Enforcing Structure and Discipline

Just came back from a 2-day dog behaviour consultation. I thought this was going to be very challenging case as both cross breed dogs (Singapore Specials) tend to be reactive, to the extend of fighting with one another.

I noticed how over-excited both dogs were when both me and my understudy arrived in-front of their door. Both dogs were barking, running towards the gate, one of them was jumping really high and barking at the same time.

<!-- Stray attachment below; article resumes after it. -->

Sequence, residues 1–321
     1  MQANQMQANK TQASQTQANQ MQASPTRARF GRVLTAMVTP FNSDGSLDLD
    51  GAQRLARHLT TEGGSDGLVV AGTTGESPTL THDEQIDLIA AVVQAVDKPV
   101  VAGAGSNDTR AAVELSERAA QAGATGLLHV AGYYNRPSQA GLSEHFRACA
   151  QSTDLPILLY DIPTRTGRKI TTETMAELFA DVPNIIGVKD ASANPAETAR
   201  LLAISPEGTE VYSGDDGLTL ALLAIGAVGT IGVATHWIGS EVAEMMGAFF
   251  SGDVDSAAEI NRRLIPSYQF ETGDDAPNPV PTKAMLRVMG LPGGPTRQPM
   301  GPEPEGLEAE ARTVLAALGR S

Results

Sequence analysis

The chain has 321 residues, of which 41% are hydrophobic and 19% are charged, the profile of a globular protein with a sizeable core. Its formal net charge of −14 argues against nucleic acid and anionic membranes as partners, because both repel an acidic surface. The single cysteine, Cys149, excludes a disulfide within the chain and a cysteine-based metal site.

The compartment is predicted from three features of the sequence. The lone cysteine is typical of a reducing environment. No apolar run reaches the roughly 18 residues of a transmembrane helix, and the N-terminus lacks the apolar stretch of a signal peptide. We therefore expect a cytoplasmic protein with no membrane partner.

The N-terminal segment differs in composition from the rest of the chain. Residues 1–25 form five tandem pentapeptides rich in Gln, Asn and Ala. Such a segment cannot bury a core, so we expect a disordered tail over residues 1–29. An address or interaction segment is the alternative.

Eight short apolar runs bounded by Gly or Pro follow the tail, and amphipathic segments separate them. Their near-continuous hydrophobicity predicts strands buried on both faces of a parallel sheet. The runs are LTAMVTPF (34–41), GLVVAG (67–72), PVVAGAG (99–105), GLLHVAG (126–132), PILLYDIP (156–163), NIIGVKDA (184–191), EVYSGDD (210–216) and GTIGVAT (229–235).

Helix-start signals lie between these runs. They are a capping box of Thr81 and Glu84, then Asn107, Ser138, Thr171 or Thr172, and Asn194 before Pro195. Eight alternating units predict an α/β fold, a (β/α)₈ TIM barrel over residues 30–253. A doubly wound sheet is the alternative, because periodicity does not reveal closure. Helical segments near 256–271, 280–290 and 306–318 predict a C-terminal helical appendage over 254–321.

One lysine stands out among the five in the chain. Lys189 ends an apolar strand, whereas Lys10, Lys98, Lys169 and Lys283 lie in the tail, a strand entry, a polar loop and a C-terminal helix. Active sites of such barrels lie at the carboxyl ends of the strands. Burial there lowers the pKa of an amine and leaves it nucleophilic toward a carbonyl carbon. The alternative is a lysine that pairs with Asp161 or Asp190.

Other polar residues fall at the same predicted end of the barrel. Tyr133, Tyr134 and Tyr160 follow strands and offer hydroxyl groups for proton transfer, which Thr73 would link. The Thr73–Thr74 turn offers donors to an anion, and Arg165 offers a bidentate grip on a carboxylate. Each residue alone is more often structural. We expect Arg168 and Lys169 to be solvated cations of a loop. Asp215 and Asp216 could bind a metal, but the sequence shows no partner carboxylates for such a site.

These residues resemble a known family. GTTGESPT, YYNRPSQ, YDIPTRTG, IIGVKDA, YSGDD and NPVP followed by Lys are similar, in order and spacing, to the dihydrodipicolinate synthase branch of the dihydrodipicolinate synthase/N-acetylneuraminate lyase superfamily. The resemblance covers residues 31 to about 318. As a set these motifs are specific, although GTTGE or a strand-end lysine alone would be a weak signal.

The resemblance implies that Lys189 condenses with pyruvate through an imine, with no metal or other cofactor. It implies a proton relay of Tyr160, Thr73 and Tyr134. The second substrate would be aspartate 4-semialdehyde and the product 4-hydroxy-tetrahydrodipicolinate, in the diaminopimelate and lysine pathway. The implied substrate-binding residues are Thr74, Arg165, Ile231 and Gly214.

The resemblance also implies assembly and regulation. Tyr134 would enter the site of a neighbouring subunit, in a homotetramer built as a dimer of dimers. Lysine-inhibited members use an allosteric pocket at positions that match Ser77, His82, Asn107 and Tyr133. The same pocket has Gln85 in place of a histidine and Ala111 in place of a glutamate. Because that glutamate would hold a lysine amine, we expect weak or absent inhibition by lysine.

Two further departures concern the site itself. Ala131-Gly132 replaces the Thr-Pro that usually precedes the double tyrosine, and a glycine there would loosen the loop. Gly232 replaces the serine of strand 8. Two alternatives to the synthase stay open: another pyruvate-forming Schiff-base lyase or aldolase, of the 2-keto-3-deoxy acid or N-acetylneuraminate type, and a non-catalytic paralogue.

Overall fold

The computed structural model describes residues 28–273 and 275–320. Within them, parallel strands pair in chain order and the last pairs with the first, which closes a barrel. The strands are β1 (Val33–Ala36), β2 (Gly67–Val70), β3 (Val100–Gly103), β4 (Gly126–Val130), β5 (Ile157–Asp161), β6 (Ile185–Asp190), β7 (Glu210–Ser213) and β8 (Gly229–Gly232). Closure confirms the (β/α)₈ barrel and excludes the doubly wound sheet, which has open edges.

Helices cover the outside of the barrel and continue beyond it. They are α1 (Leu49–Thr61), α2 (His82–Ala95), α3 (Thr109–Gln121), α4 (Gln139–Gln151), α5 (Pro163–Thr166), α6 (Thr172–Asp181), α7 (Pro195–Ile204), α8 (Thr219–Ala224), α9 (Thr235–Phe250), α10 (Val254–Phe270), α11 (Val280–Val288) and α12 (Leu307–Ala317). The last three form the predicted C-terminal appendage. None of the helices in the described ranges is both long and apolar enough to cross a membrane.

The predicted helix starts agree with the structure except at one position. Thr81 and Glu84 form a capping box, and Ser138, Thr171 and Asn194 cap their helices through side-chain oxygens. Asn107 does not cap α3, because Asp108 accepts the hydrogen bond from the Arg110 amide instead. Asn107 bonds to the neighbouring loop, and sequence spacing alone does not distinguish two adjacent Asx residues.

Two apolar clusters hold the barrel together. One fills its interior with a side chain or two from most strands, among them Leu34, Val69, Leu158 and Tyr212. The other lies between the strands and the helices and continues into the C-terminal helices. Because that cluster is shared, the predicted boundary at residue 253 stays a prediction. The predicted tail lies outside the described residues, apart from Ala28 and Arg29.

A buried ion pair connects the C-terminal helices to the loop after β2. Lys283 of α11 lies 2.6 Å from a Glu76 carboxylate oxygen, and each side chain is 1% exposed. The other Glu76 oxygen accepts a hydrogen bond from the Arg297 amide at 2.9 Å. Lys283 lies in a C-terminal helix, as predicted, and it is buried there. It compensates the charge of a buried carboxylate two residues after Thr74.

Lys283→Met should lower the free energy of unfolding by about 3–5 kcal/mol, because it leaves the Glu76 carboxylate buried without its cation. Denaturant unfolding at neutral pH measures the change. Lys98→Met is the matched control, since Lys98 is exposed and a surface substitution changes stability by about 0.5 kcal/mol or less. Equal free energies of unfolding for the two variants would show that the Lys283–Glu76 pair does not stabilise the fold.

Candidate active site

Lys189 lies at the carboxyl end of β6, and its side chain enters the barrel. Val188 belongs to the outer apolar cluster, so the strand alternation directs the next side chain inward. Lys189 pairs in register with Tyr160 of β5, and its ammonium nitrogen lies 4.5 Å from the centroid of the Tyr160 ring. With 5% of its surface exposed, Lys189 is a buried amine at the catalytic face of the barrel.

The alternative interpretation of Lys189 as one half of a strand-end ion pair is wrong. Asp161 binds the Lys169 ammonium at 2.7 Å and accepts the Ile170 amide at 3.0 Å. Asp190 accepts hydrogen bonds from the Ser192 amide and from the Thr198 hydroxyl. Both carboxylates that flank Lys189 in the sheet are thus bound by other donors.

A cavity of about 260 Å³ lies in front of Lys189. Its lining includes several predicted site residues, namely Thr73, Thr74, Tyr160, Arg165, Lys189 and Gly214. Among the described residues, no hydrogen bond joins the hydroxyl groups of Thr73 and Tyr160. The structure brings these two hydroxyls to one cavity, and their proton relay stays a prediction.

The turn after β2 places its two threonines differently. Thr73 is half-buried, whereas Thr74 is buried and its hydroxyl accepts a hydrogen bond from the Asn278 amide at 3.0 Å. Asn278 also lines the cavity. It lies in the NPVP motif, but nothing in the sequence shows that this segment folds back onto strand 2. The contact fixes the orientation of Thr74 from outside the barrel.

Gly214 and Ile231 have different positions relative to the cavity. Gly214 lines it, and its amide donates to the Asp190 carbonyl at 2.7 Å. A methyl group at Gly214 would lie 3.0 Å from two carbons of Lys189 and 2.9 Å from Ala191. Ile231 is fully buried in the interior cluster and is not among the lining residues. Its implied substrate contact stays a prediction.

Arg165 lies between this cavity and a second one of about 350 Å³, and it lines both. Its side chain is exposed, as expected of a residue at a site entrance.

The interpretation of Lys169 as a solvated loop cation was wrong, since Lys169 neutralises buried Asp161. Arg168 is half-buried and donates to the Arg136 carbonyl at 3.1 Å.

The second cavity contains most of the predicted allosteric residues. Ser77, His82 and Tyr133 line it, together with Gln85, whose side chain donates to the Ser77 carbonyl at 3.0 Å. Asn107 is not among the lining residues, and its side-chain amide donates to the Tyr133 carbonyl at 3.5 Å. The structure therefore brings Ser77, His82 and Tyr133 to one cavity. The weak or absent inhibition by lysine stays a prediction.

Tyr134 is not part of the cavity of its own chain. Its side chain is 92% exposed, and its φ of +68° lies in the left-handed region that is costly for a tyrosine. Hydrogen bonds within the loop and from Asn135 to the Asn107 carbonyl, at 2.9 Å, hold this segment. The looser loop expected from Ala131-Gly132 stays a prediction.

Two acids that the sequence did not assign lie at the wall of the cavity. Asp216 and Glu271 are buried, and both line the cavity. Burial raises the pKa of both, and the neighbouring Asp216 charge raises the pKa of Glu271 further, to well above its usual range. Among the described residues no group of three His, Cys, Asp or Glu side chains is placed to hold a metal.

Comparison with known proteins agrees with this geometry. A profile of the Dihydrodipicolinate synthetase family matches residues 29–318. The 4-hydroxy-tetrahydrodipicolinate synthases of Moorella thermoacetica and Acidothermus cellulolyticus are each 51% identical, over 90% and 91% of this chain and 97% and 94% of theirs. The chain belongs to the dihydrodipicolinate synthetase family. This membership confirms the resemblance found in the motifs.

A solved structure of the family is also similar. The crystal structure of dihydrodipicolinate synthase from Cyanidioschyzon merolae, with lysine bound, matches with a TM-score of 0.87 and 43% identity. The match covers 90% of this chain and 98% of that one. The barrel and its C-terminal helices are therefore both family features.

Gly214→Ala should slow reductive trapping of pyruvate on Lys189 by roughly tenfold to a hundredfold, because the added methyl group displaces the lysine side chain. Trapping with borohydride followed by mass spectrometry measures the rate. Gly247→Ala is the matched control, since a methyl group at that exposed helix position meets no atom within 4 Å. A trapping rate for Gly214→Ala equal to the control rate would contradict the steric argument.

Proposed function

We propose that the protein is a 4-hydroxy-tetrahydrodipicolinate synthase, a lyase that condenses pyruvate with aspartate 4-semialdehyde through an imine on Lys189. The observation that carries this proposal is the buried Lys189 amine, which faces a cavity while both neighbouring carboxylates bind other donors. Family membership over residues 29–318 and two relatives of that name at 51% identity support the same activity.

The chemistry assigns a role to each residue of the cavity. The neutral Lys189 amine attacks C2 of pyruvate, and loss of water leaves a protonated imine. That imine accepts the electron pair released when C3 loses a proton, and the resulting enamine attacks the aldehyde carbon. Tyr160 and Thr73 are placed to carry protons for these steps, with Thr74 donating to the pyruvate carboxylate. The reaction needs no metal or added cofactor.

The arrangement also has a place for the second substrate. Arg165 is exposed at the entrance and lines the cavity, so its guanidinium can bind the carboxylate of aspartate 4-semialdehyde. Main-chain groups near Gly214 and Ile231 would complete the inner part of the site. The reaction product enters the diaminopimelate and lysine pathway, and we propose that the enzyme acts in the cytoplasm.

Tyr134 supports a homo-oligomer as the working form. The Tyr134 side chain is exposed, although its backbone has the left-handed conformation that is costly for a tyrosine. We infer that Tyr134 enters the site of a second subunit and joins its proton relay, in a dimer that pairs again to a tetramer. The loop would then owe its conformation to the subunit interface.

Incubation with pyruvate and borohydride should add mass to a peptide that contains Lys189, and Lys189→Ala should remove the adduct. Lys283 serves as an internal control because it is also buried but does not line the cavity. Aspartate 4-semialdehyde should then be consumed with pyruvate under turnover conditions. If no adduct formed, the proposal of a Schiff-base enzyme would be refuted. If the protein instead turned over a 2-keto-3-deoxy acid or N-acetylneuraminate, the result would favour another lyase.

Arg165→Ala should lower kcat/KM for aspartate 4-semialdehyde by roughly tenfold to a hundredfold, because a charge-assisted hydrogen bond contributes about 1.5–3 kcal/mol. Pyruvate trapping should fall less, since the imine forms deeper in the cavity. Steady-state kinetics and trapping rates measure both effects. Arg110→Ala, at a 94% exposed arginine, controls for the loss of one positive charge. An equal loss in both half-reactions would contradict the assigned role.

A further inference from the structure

When the dogs finally settle down, we sat down and find out more about the problems that the owners were facing with their dogs. After which, we went out to see how they walk their dogs. Walking dogs is one of the best way for me to see where the dog stands in the family as well as to be able to observe how the owner runs their house for their pets. The walk started excitedly fast! In a couple mins, both dogs and both owners was out from the house in a dash and into the lift. Once the lift door open, both dogs zoomed off really fast, leading both owners wherever they want to go. My heart stopped when their dogs pulled them across the road! My understudy whispered to me “waoh! that is very dangerous!” After walking, we went back to the house and observe more of their activity. Seeing how they play with both the dogs. Then, I got the mother and the eldest daughter to go out for sometime. The eldest daughter came back first – before she even ring the door bell, both dogs started barking. One of them rushed to the door and “greeted” her, jumping onto her. Both dogs were wagging their tail furiously. It took about few mins before both dogs settle down. After another 5mins, their mother right the door bell. Both dogs started barking again. The same one that “greeted” the eldest daughter at the door, did the same thing, however, this time was a different level of excitement altogether. Both dogs were over excited, plus the one that did not ran towards the door, went tense in a split second. The moment the other dog turned back and ran backwards, both went into a challenge. The tense dog went further with a hard stare and in 2-3 seconds, fight broke out. Both dogs aren’t light weight for me to stop the fight the way I usually do, therefore I decided to use a leash to leash round one of the dog which is really big size (fat). I had to lift up his whole body to get him off balance, but he was really heavy. Their helper managed to get the leash onto his collar, to maneuver him sideways. Thanks to the younger daughter, she took a cup and splash water onto both their face which shocked the dog who was clamping his jaw onto the other dog and immediately releases his jaw which I was able to pull him sideways. As he was in the flight zone, his eyes was still pretty round and body was still very tense. He didn’t like the discipline from me, however, I had to stand my ground while holding the leash for safety. (Remember: it doesn’t mean that if one is a trainer or a behaviourist, one should play hero. Everyone’s priority should be Not getting bitten. If one gets bitten, it doesn’t mean he/she is a hero or a very brave person. It simply means he/she have disrespected the dog and have made a very bad mistake which makes it the human’s fault.) He bared his teeth at me with a hard stare but moved backwards. After about 1-2mins, he decided to give up and lay flat on the floor. This does not mean I won. It just meant that he decided to respect me and the new discipline.